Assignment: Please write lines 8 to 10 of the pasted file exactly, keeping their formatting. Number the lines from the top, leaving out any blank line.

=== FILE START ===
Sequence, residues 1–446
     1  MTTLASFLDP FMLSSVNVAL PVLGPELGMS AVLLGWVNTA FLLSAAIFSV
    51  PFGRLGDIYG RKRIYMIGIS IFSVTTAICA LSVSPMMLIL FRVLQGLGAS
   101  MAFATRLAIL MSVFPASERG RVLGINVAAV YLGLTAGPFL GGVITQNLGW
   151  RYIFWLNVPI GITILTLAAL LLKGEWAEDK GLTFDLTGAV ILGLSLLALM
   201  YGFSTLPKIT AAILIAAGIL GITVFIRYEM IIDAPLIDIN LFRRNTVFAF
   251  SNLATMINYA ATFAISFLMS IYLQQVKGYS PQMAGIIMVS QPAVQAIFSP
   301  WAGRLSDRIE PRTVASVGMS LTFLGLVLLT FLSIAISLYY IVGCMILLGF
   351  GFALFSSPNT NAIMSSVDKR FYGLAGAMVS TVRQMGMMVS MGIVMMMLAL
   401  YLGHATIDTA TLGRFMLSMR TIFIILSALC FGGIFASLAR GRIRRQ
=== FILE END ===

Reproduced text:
   301  WAGRLSDRIE PRTVASVGMS LTFLGLVLLT FLSIAISLYY IVGCMILLGF
   351  GFALFSSPNT NAIMSSVDKR FYGLAGAMVS TVRQMGMMVS MGIVMMMLAL
   401  YLGHATIDTA TLGRFMLSMR TIFIILSALC FGGIFASLAR GRIRRQ